The comments are flying fast and furious for this post over at Derfwad Manor, and no wonder. Mrs. G has written an eloquent piece on why she ended up homeschooling her 2 children, and people are falling all over themselves telling her either
A) thanks for putting that better than I could (that would be all her homeschooling readers)
B) you must be so patient to homeschool your kids (that would be the, um, uninitiated saying that, of course).
Last I checked, none of us has to pass an exam measuring how much patience we have with our children before we file that homeschooling paperwork. And it's a good thing, too.
Tell me, how many of you with children would have had the patience, BK (before kids), to put up with even a small percentage of what you tolerate on a daily basis now: the whining, the fighting, the mess, the poop? Almost none of you, I'm willing to bet. Yet here you are, doing it, and you haven't killed any of your offspring yet. Congratulations! We're all incredibly patient!
Of course, people think home schoolers need more patience than the average parent because they picture us sitting with the kids for hours and hours, going over worksheets and assignments. But most of us don't do that. Instead, we create an environment that encourages kids to read and to think (less screen time, more books); and we give them time to play and create (craft sticks, legos, you name it), mostly on their own or with each other. We make lots of homeschooling friends, too, and meet up with them at parks in the afternoon, or we arrange homeschooling drama clubs or tennis lessons. Believe me, you don't need a lot of extra patience to sit around and chat with other homeschooling moms while your kids are playing with their kids.
Oh, yeah, and we do make the kids do their math pages. Around here, that doesn't take patience; it takes chocolate. My children are easy to bribe.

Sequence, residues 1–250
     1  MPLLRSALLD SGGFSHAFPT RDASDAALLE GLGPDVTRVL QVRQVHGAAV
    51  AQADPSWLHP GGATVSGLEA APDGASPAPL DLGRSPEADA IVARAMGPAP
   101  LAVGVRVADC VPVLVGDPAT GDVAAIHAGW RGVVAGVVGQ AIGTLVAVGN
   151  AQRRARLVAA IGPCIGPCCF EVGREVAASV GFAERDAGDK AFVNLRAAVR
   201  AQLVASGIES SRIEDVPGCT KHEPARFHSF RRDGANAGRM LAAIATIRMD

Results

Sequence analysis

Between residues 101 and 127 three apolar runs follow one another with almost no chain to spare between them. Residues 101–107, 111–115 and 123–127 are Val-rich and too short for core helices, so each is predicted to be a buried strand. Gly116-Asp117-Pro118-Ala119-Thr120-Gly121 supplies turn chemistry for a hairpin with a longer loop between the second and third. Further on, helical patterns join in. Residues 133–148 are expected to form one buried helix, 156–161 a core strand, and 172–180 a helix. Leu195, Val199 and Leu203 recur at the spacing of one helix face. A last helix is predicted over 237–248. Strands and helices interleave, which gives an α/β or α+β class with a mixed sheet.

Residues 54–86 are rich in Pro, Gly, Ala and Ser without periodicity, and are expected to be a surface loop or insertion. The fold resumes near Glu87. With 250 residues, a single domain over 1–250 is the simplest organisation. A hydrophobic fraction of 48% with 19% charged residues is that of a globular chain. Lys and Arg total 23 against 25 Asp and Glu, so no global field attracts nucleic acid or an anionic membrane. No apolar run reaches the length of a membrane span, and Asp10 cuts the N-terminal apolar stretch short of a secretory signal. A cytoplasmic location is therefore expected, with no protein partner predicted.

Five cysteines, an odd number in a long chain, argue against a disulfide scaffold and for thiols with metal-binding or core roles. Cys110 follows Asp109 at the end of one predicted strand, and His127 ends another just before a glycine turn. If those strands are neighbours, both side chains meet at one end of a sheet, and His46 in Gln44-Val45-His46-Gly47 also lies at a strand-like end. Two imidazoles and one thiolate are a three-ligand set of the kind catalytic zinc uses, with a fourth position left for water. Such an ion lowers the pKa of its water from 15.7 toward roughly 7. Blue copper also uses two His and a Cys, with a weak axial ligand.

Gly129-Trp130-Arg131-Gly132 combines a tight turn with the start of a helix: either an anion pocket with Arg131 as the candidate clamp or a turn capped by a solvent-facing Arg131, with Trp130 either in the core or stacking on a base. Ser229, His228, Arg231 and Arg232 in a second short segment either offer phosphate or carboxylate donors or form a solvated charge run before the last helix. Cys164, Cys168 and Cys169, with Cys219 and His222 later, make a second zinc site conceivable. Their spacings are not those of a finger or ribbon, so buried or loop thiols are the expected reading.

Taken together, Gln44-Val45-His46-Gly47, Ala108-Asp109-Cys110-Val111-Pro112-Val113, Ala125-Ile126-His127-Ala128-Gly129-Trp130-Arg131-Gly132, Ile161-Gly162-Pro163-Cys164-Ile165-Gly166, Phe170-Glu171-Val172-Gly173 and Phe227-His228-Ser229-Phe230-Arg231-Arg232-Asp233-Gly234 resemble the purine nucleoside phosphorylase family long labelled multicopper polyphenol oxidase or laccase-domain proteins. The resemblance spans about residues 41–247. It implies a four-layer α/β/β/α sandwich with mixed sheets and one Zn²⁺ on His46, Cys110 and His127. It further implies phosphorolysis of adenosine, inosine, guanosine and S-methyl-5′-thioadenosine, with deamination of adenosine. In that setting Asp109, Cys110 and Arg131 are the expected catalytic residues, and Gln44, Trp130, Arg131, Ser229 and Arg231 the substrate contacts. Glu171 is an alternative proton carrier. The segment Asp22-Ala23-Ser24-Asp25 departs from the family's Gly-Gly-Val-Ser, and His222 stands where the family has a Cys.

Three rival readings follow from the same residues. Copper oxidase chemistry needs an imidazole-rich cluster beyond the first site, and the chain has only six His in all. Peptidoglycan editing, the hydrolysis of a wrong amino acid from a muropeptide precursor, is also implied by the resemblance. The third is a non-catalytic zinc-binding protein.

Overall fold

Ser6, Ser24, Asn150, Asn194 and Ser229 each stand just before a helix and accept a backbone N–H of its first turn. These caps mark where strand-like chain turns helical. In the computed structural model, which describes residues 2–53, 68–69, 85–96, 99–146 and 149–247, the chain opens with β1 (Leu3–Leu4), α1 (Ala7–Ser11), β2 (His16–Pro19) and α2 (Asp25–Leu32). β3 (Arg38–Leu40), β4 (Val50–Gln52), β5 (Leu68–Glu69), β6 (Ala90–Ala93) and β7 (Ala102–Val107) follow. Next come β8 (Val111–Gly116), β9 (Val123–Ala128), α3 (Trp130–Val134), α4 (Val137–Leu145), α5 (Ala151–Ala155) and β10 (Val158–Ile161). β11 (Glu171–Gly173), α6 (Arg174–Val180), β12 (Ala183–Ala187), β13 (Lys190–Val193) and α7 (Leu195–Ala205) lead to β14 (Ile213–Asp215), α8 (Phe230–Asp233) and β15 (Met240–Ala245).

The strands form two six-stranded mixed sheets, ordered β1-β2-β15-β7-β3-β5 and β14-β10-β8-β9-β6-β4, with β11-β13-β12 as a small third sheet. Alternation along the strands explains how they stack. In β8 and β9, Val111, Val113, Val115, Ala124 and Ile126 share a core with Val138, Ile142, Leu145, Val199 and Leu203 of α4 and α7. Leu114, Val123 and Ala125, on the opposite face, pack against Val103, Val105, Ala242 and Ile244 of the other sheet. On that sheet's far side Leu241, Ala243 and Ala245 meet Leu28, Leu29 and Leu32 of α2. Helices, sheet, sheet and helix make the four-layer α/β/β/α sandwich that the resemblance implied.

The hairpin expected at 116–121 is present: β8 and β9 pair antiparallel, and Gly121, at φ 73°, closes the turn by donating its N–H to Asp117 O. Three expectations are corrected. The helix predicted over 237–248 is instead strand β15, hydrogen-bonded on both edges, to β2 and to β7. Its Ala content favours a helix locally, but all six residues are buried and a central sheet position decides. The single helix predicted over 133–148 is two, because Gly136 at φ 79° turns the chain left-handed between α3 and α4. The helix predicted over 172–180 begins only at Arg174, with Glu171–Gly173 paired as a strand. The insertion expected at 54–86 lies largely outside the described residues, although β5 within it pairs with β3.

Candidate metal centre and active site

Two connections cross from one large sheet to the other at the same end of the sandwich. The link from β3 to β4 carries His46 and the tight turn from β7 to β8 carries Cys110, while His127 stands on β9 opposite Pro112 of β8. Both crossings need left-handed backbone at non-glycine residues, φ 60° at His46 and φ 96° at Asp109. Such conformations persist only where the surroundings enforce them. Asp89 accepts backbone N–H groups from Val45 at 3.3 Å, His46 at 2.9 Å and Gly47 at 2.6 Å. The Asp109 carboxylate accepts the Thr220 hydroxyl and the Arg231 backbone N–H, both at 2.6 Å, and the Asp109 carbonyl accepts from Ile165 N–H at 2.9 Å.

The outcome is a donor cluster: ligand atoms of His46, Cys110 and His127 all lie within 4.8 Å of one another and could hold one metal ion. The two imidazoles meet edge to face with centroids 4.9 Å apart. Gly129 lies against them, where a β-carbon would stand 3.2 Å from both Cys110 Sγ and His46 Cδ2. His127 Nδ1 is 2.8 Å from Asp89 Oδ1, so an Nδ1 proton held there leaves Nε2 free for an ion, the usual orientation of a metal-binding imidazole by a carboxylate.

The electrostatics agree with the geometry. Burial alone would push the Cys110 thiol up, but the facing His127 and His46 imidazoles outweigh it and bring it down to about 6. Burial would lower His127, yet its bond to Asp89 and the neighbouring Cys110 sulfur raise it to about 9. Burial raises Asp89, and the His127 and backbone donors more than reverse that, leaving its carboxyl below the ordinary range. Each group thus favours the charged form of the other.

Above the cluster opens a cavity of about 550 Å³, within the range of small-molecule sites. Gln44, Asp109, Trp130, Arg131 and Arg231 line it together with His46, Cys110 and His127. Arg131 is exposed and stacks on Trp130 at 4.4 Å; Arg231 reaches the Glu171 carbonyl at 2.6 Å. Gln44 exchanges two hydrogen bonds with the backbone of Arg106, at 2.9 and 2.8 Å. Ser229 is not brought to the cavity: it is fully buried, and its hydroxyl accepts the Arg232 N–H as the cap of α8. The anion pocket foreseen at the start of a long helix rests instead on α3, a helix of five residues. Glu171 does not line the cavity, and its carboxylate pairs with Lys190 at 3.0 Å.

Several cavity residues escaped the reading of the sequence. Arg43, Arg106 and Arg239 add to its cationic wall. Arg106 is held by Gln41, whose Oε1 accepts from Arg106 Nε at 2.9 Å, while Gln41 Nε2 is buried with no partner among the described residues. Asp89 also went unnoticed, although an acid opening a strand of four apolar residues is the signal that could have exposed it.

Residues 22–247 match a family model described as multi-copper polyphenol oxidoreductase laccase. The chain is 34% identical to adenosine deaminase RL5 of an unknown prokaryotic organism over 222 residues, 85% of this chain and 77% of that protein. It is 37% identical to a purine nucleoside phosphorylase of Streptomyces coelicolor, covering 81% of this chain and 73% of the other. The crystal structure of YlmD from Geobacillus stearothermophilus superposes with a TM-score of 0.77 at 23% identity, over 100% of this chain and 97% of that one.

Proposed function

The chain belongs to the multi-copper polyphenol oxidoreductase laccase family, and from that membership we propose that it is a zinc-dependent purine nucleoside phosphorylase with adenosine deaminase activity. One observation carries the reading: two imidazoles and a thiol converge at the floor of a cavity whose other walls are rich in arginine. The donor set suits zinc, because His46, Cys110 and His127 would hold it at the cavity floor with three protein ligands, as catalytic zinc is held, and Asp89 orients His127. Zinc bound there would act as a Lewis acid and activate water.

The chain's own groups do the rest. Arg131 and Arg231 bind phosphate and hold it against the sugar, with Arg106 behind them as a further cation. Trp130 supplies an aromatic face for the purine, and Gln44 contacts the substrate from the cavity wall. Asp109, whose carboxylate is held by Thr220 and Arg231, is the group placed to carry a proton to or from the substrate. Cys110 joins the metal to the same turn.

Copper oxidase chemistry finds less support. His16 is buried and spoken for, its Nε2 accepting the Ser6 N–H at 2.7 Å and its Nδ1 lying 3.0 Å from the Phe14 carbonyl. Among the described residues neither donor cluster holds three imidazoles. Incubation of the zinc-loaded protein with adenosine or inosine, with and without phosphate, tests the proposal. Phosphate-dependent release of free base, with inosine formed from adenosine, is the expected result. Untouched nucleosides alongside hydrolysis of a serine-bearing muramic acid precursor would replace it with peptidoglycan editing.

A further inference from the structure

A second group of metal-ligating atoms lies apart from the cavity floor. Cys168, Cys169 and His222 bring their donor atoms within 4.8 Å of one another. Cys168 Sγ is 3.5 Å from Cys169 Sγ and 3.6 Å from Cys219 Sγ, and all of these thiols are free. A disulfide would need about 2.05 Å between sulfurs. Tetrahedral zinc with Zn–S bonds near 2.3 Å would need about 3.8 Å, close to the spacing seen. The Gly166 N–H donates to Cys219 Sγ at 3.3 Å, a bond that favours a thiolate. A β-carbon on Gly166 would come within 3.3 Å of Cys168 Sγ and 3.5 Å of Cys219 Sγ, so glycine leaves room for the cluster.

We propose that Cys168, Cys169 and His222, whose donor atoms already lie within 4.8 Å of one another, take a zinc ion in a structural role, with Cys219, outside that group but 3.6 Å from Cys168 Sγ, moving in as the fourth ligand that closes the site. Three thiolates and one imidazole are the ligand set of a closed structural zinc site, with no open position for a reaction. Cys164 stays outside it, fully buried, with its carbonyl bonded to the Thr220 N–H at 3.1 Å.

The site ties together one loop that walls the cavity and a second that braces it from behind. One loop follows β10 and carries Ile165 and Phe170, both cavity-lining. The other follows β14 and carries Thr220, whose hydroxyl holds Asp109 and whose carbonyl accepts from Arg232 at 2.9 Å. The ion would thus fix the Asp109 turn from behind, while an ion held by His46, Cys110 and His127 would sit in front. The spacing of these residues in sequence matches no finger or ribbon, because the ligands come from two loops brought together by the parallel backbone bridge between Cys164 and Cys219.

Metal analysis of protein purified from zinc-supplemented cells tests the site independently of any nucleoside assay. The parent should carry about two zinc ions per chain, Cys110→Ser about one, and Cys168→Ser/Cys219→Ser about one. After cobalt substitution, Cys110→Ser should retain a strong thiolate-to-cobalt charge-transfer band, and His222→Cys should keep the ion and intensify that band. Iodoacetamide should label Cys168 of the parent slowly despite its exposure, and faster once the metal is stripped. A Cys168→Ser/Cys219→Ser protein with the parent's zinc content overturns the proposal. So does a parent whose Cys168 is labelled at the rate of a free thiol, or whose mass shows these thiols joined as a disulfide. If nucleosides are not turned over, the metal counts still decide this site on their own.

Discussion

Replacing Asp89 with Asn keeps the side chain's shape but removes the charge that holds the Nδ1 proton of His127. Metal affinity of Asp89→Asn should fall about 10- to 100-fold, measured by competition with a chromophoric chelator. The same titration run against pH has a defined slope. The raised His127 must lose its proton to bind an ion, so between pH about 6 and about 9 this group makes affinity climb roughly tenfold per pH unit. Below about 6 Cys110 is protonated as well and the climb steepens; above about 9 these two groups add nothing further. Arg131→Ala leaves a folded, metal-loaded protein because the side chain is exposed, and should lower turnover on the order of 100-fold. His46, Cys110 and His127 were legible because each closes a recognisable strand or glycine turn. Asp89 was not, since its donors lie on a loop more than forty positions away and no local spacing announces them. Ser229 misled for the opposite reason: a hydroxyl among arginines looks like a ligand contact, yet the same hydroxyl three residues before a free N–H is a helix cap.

People also think we need an extraordinary amount of patience because we are around our kids for more hours each day. It's true, there is only so much kid-parent interaction that any mere mortal needs/can take, no matter how much available time there is. So the homeschooling parent solves this problem of too much togetherness by saying "Go play" or "Go read" to his/her child when he/she has had enough; or the child sequesters himself behind a couch with a good book, because his mother has threatened to inflict household chores upon him if she hears his voice one more time before dinner. And you know what? We don't feel bad about that. We have no quality time worries, because the sheer quantity of time we have with our kids ensures that there will be a few minutes of quality per day in there.
Well, most days. The other days are simply hopeless.
Last but not least, outsiders think we need extra patience in order to settle sibling disagreements all day long. But I have a theory, based on observation of both my family and the families of schooled children. Siblings need to fight a certain amount of time each day. No matter what. So, if they've been at school all day, they will make up for lost time by starting in on each other as soon as they get home. In our family, we try to get all the sibling fights out of the way in the morning, so that we can have a peaceful afternoon. We're efficient, that way. Either way, though, the parent (homeschooling or not) suffers for approximately the same amount of time each day. I think that this is what is meant in Genesis by the words "...in pain you will bring forth children..." Believe me, I would rather go through labor than listen to my kids bicker on a rainy afternoon.
Homeschooling isn't perfect; but neither are any of the other educational choices for our children. So if you are going to spout nonsense about how I must be so patient with my children in order to home school (and, really, if you read this blog, you must know that's ridiculous), then I am going to praise you for how patient you are in dealing with the various people in the school bureaucracies, and with the PTA, and with all the gift wrap/chocolate/citrus sales you have to participate in.
Pick your poison, is what I say. Sometimes it's six of one, half a dozen of the other...